Burgess introduces bill to address some illegal immigration

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U.S. Congressman Michael C. Burgess, M.D. (TX-26)

U.S. Congressman Michael C. Burgess (R-TX), Chairman of the Energy and Commerce Subcommittee on Health, recently introduced a resolution to redirect American foreign assistance provided to El Salvador, Guatemala and Honduras away from the central governments of those countries to target the entities working to address the drivers of illegal immigration from these countries to the United States, according to a news release from Burgess’ office.

In 2018, 30 percent of the people apprehended at the border began their journeys in El Salvador, Guatemala or Honduras, according to the news release. The amount redirected from the central governments of these countries to non-governmental, nonprofit and other entities will equal the amount of unaccompanied children from each country in Office of Refugee Resettlement custody multiplied by $15,000.

“All Americans can agree that a lack of border security endangers our country,” Burgess said in a prepared statement. “As Congress considers solutions for our nation’s immigration crisis, we must consider why families are willing to embark on a dangerous journey to reach our southern border. This summer, I visited El Salvador, Guatemala and Honduras to learn firsthand about the immigration, humanitarian, and energy challenges in this region. Unfortunately, each of these countries has a cycle of gang violence, poverty and corruption that leads to irregular migration.”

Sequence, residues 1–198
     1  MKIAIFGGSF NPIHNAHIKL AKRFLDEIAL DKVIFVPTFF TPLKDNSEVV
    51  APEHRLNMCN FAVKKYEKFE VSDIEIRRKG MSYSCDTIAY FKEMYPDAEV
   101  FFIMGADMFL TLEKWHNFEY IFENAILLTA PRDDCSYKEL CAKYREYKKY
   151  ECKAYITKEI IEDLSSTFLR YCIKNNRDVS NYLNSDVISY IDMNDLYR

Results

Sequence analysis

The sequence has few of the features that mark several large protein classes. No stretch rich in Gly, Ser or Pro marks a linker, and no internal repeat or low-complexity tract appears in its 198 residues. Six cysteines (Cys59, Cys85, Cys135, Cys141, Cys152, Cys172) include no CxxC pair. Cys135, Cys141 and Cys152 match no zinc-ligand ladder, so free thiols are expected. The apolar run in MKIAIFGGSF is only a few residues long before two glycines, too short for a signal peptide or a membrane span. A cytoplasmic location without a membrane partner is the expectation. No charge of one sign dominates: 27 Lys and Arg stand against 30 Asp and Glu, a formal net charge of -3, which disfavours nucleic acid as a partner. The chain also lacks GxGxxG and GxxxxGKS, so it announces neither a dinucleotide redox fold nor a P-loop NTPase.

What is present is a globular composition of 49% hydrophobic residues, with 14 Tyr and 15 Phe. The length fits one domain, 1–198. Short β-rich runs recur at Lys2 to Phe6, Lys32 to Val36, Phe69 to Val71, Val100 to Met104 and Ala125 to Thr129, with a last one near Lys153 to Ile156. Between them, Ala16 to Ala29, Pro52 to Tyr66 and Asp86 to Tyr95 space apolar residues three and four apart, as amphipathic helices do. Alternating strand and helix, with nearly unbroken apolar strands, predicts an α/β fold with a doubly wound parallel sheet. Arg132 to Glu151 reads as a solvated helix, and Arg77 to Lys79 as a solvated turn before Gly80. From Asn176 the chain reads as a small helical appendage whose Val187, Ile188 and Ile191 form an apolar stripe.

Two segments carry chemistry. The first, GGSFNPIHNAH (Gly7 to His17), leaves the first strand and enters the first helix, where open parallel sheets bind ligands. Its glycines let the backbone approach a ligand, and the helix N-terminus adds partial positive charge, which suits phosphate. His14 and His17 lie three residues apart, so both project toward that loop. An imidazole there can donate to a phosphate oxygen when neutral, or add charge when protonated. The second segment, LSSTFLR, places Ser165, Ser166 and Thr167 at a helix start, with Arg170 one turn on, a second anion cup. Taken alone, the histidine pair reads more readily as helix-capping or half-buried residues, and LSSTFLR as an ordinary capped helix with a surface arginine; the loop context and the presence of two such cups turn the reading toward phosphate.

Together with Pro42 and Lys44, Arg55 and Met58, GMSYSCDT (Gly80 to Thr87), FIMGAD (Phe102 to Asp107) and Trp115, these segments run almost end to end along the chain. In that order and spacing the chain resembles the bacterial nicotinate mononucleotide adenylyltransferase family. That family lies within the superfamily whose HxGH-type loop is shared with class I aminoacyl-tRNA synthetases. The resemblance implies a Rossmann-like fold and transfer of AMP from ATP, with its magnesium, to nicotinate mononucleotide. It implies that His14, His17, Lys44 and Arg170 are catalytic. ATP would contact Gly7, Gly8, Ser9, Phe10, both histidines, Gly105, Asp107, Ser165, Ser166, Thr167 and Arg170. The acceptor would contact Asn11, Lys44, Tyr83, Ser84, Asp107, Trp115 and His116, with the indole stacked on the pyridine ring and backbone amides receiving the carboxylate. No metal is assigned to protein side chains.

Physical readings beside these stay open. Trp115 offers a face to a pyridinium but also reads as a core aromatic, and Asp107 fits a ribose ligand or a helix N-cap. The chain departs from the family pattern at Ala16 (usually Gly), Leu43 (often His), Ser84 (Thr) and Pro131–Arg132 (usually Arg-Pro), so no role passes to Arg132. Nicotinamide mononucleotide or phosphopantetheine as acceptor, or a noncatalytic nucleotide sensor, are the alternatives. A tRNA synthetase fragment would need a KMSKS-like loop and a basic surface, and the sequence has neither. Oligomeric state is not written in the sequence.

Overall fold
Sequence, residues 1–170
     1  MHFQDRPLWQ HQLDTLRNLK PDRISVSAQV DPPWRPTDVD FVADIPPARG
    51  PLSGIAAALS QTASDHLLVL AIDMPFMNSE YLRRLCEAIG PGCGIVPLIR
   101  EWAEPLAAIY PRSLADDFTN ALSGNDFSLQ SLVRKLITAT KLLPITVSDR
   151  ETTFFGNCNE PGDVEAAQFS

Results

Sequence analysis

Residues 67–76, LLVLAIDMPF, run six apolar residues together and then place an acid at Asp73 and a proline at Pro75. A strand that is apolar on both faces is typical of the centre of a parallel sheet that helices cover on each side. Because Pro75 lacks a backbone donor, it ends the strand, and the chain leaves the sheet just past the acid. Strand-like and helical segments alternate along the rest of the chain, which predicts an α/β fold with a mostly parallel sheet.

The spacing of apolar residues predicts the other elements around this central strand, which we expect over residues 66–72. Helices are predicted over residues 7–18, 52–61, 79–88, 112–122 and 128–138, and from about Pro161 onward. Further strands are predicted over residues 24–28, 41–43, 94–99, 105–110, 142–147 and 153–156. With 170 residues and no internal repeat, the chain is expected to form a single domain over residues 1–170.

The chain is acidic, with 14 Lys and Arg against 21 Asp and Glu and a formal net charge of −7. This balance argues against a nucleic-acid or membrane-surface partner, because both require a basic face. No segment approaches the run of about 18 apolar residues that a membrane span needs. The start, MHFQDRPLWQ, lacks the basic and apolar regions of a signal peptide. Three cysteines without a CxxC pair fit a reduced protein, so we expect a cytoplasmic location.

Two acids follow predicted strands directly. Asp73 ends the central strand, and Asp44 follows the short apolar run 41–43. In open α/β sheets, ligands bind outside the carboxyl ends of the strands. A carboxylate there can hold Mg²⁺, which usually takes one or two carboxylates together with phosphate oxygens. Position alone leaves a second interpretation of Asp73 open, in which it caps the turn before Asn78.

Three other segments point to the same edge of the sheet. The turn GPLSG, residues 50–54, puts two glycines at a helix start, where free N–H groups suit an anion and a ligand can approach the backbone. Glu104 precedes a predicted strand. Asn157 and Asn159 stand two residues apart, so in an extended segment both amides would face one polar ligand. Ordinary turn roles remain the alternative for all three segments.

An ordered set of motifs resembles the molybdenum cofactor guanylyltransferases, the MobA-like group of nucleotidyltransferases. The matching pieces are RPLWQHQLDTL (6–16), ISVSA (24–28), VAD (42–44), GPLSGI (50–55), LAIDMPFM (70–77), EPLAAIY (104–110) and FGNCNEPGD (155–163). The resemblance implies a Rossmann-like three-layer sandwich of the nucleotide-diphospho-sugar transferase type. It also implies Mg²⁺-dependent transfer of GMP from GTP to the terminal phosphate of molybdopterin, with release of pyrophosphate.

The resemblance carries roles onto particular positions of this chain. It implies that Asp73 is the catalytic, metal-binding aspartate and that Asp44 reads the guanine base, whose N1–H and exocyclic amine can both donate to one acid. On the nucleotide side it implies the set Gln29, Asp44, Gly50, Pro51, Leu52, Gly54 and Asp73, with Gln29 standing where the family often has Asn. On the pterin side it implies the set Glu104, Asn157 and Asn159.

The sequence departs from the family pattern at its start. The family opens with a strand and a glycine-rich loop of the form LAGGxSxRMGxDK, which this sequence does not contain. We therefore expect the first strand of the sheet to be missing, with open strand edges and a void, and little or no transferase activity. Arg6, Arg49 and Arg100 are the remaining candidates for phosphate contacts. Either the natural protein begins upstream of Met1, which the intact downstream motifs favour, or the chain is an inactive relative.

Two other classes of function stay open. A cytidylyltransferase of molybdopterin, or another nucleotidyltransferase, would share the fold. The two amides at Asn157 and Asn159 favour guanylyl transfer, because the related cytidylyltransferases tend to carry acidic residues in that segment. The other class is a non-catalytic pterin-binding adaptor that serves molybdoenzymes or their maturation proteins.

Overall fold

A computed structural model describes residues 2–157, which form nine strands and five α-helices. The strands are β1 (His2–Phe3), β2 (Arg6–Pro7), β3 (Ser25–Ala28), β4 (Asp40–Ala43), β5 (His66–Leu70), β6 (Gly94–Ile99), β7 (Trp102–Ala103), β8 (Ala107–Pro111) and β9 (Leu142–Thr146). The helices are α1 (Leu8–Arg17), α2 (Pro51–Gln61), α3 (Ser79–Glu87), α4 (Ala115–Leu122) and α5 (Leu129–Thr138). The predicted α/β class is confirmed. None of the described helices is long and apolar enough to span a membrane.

The news release says Burgess, who represents Denton County and parts of Tarrant and Collin counties, “is committed to finding permanent solutions to end the cycle of irregular migration and restore order on America’s southern border.”

“My resolution, H.Res. 1092, expresses the sense of the House that foreign assistance provided to these nations should be targeted to the community-building entities working to address the drivers of illegal immigration,” Burgess said in the statement. “America’s foreign assistance funds are much better spent helping to provide a safe home for children in Central American countries than spent caring for these children in taxpayer-funded shelters once they reach our borders. While not a perfect solution, this is yet another step toward securing American borders.”

About The Author

Mark Smith

Mark Smith is the Digital Editor of The Cross Timbers Gazette.

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